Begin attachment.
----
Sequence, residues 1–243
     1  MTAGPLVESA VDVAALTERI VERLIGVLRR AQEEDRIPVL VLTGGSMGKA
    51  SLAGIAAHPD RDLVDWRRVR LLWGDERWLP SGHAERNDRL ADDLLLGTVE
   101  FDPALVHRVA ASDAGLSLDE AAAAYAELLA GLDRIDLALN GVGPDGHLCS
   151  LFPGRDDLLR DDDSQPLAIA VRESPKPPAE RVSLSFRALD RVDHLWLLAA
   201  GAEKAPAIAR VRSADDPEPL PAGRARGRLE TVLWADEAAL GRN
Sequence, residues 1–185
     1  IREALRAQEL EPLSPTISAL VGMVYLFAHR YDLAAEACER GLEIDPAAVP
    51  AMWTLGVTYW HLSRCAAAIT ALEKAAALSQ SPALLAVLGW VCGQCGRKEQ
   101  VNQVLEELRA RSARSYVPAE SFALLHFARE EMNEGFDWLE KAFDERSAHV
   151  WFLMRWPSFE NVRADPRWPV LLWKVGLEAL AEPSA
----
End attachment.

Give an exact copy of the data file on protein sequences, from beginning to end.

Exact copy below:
Sequence, residues 1–243
     1  MTAGPLVESA VDVAALTERI VERLIGVLRR AQEEDRIPVL VLTGGSMGKA
    51  SLAGIAAHPD RDLVDWRRVR LLWGDERWLP SGHAERNDRL ADDLLLGTVE
   101  FDPALVHRVA ASDAGLSLDE AAAAYAELLA GLDRIDLALN GVGPDGHLCS
   151  LFPGRDDLLR DDDSQPLAIA VRESPKPPAE RVSLSFRALD RVDHLWLLAA
   201  GAEKAPAIAR VRSADDPEPL PAGRARGRLE TVLWADEAAL GRN
Sequence, residues 1–185
     1  IREALRAQEL EPLSPTISAL VGMVYLFAHR YDLAAEACER GLEIDPAAVP
    51  AMWTLGVTYW HLSRCAAAIT ALEKAAALSQ SPALLAVLGW VCGQCGRKEQ
   101  VNQVLEELRA RSARSYVPAE SFALLHFARE EMNEGFDWLE KAFDERSAHV
   151  WFLMRWPSFE NVRADPRWPV LLWKVGLEAL AEPSA